University, Department, Lab, Etc:
Kansas State University, Department of Civil Engineering, Dr. Moore’s Lab
Vittla, my grandparents’ village, is part of an ecological hotspot nestled in southern India's Western Ghats. There, every home depends on monsoon-generated water from a private pond for domestic and irrigation purposes. Perennial streams service the ponds through crevices. Witnessing and being a part of the area’s cyclical hydrological phenomena fueled my enthusiasm towards hydrological systems.
Of the many mysteries that surrounded me, one that fascinated me was ‘Suranga’, or ‘Tunnel’. A 3 x 5 foot tunnel wedged between mountains provided water throughout the year. Holding my grandfather’s hand and admiring Suranga was my first interaction with water resources that left a deep impression. Most of the rural homes in the region had similar interconnected tunnels for domestic water.
Although I completed my bachelors in Mechanical Engineering, I went back to water resource management. I worked with a development organization in an arid Indian state to improve livelihood through natural resources management. There, I came across innovative ways from frugal techniques employed to keep animals off farms. These experiences highlighted challenges with groundwater, socio-economic conditions, and climate change in rural areas. As a result, I am completing my master’s in Water Resources engineering at K-State with Drs. Moore, Sharda, and Koehn.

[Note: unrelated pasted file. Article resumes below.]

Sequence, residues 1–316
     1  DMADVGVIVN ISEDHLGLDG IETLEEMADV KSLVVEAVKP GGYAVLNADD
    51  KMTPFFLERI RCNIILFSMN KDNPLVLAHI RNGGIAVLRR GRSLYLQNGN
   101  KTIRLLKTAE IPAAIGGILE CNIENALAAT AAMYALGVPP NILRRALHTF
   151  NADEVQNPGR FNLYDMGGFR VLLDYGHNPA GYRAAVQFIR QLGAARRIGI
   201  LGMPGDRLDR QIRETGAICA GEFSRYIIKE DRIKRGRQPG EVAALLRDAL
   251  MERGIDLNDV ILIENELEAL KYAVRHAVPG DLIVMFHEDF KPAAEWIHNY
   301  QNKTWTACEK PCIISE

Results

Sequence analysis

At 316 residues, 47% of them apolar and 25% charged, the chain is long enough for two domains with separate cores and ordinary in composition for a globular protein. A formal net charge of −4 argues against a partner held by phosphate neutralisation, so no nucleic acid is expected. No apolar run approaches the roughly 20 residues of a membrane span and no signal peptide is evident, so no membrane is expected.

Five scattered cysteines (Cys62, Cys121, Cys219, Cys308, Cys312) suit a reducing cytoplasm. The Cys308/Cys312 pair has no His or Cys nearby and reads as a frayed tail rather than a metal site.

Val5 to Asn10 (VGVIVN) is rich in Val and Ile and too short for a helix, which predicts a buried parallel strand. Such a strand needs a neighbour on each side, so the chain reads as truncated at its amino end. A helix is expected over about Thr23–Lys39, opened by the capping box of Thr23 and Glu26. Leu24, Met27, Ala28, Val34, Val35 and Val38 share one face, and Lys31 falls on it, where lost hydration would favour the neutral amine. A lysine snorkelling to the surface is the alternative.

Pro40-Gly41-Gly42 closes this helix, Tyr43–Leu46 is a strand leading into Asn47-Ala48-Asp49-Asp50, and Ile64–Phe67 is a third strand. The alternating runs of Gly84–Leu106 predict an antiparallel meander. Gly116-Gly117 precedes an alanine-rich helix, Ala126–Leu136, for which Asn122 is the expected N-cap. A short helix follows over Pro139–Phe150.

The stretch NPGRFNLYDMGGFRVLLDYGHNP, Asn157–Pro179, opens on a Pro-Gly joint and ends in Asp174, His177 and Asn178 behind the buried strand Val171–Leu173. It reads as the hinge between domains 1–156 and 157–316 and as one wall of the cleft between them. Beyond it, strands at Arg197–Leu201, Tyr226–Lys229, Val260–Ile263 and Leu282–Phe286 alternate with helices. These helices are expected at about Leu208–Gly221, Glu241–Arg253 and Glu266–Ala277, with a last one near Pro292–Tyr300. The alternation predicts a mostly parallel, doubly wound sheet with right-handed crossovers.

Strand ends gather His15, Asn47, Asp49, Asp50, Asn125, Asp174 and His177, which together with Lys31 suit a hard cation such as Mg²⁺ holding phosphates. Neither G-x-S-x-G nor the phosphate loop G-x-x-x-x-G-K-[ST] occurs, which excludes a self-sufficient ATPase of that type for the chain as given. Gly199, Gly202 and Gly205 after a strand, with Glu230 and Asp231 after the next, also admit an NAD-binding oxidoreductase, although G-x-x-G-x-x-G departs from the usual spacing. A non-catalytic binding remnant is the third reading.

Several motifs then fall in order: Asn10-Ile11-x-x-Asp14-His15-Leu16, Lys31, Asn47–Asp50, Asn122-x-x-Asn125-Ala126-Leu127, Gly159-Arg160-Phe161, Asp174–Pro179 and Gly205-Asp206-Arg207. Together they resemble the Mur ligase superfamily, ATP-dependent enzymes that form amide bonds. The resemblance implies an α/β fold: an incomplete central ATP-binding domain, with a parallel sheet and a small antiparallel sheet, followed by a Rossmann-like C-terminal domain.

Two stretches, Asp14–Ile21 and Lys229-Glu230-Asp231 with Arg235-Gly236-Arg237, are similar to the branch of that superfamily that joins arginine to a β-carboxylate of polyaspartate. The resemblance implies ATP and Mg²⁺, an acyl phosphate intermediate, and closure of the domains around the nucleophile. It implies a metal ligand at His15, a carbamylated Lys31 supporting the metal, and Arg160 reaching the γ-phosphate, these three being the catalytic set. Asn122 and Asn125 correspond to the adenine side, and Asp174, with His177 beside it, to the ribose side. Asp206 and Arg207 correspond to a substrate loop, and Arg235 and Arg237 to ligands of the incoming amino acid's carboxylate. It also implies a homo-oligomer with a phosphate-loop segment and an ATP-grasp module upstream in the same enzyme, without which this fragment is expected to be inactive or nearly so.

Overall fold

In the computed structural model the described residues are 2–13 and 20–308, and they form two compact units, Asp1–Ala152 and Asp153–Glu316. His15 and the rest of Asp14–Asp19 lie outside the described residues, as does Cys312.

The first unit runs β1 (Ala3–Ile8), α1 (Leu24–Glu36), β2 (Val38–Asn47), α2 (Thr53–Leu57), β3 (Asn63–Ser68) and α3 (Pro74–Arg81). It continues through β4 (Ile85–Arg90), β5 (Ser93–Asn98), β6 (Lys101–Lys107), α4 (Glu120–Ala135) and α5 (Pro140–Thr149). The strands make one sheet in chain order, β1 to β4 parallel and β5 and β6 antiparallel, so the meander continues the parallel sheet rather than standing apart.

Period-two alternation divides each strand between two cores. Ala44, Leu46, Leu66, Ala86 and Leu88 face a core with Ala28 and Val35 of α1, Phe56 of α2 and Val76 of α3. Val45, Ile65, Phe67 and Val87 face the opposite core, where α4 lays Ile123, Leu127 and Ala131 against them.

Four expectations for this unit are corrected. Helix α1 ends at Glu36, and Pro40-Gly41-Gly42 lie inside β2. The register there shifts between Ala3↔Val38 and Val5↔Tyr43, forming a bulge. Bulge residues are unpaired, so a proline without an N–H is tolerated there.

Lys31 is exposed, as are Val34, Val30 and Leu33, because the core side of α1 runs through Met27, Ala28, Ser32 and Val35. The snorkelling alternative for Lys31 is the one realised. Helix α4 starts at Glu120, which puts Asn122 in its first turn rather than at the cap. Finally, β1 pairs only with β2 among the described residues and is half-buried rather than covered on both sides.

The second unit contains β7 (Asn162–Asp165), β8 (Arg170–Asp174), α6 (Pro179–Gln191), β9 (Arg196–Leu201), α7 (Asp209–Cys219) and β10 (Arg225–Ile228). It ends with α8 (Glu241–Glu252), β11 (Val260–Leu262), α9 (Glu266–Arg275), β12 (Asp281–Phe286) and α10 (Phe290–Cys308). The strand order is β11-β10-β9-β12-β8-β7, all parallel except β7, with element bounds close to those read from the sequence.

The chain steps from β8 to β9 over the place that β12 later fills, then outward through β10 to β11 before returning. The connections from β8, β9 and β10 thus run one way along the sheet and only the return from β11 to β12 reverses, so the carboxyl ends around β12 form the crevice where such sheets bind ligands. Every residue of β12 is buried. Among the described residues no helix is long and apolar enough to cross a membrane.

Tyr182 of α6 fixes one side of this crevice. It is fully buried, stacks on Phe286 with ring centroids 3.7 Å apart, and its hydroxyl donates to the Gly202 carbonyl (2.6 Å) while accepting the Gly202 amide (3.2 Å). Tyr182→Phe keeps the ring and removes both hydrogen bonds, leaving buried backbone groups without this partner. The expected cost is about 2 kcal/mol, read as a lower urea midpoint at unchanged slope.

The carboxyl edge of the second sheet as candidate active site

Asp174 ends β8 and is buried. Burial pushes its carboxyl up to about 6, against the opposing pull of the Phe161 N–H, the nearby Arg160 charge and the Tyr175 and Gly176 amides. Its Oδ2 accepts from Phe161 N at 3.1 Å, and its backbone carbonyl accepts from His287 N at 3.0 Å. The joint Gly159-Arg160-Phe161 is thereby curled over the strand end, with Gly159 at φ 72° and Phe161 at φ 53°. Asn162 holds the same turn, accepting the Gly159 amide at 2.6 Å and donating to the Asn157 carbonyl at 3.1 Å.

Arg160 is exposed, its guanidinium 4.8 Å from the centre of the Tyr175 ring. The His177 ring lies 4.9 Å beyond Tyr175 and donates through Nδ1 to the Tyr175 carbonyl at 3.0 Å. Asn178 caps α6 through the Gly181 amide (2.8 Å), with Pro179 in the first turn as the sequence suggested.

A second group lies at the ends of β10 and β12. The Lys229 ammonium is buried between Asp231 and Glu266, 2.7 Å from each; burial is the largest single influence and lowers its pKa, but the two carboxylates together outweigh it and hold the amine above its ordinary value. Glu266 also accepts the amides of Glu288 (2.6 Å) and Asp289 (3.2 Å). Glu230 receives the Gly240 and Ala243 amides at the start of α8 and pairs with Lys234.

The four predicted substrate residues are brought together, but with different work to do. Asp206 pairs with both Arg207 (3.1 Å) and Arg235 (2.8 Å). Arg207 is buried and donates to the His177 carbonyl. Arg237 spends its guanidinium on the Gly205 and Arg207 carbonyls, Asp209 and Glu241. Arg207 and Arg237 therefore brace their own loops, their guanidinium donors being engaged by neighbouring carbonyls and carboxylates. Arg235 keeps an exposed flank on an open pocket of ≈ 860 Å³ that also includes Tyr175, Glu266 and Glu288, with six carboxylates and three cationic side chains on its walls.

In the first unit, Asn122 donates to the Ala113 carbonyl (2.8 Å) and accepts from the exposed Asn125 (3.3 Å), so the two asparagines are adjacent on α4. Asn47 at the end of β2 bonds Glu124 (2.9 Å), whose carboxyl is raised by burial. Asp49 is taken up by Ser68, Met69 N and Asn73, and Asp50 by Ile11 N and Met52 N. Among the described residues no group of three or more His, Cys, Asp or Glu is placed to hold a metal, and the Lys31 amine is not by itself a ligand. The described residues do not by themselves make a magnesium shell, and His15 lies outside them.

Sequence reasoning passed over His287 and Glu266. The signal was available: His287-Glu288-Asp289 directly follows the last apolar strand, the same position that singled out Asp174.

Current Research Question:
How do we integrate citizen science and climate change to model the hydrologic system?
Background on Research:
Water resources like lakes, streams, and rivers over the last century are impacted by anthropogenic factors coupled with climate change. Some of the extreme events we come across are floods, droughts, and water quality challenges. We need to develop model of natural systems to understand these changes and predict them. To help us better implement adaptation/mitigation strategies efficiently, there is a need to investigate innovative ways to involve local community in the process.
Connect with Anish Holla
Anish is open to connect through virtual platforms or in-person meetings with groups and public audiences. Virtual platforms are better as this can easily take on mini hands-on exercises for participants to try. This makes the interaction more conducive to learning and sharing while having fun.
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